The United Kingdom’s Head of the Royal Navy said that his service was planning to start at a small scale and gradually scale up when it came to the autonomous surface vessels.
Administrator Tony Radakin said earlier this month while addressing an audience that the Royal Navy had not planned, as yet, of pursuing any sort of large formatted and unmanned vessels that were on the scale of the United States Hunter Program, however he did mention that they were beginning to use boats for following an autonomic path. He shared that this felt to him more like the way that they would introduce autonomy in terms of their surface ships because according to him, they might be requiring a mothership and the supporting boats that operate from it, and then they could probably grow in size.
Radakin said that the service was planning to follow the commercial sector with extreme care and then take advantage of the development in the privately established autonomous technology. He added that like most of this, as their civilian community invested in autonomous ships, and they got the reliability, they would be further investing in that way.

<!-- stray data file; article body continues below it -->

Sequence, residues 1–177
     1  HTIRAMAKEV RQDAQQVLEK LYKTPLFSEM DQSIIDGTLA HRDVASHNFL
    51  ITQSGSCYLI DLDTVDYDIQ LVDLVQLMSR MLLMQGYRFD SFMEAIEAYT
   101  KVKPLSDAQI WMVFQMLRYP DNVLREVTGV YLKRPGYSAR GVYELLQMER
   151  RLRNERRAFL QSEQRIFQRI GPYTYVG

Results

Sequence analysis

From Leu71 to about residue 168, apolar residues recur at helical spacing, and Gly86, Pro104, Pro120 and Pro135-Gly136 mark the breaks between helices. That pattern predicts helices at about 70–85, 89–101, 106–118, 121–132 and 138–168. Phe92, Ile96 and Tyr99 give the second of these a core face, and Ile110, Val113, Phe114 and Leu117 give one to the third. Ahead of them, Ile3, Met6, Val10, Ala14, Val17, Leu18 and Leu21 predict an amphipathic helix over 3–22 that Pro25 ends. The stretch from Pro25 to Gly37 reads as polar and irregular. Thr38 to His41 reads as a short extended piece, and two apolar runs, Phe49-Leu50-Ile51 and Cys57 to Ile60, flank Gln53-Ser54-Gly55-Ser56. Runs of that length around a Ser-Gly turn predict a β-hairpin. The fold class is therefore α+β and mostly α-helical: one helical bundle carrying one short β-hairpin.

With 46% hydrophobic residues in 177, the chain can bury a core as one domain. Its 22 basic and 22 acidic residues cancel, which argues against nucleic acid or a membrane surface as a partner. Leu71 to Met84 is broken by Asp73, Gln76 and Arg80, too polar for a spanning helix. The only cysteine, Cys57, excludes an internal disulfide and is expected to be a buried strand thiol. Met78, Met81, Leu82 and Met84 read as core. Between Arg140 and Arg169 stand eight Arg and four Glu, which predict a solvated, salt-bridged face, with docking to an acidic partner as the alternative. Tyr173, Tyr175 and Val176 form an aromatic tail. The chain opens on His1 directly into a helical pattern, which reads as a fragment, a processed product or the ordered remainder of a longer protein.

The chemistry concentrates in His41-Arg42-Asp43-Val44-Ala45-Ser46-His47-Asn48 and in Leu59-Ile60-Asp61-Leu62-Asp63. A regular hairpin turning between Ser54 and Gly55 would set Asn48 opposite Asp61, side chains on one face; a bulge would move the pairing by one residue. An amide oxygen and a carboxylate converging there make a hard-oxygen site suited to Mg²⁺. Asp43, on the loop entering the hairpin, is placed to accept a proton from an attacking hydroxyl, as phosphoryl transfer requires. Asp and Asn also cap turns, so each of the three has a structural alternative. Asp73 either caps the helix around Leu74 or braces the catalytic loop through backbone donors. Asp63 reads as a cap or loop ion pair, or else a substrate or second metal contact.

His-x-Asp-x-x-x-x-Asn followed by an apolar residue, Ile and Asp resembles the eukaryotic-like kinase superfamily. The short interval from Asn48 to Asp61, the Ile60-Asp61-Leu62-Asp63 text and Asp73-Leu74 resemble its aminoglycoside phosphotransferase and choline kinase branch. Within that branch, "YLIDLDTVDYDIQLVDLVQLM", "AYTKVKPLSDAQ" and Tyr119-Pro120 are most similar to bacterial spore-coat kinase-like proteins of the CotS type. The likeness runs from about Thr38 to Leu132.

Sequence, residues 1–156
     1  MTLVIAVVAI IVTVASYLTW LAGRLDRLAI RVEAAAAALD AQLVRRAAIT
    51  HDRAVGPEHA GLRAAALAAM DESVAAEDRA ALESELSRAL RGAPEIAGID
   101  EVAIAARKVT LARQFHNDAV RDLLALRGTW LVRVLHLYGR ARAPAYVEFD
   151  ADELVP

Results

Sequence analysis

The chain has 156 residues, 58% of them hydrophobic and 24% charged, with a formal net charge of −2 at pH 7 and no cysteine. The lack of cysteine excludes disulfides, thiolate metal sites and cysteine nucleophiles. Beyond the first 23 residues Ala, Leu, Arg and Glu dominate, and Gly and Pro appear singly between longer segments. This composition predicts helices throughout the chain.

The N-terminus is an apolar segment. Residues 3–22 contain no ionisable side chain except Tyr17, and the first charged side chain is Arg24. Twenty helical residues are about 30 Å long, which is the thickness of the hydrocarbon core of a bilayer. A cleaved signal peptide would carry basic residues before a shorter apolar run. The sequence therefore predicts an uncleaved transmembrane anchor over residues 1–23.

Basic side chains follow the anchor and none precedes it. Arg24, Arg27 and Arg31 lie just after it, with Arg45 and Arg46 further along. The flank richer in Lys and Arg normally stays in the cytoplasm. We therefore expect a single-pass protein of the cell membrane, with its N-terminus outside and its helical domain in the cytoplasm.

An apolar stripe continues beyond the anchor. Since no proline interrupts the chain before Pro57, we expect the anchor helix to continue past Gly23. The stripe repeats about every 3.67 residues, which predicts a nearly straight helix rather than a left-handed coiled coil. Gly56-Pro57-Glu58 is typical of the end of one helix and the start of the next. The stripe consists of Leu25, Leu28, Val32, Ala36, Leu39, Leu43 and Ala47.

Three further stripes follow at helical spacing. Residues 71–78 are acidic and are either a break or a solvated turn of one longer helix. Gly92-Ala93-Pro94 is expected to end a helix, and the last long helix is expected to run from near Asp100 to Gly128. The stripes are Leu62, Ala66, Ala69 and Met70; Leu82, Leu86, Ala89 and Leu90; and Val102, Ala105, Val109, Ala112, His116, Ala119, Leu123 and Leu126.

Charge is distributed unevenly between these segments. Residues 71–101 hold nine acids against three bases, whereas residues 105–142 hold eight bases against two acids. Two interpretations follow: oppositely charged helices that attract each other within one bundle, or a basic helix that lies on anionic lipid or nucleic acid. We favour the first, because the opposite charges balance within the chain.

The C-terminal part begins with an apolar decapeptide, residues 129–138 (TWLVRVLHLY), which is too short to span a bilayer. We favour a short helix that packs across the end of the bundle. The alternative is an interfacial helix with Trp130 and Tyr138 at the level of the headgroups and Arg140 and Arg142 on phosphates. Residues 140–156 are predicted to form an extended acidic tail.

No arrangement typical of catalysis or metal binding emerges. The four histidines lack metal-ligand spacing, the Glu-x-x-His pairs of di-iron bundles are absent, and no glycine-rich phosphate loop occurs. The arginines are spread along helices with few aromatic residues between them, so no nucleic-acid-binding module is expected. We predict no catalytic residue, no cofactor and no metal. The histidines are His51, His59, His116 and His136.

However, he said that forging the unmanned future would be the key in future for the Navy. He explained that the one piece that was clear to him was the direction of travel and that is where he thought that the Navy had to shift. He added that they had to expect to move way more quickly.
The NavyX initiative has been launched by the Royal Navy for accelerating the introduction of unmanned systems into the vessels. During the conference of DSEI, the Type 23 Frigate Argyll was controlling an experimental unmanned version of their rigid-hull inflatable boat, called the PAC24, from the combat system of Argyll.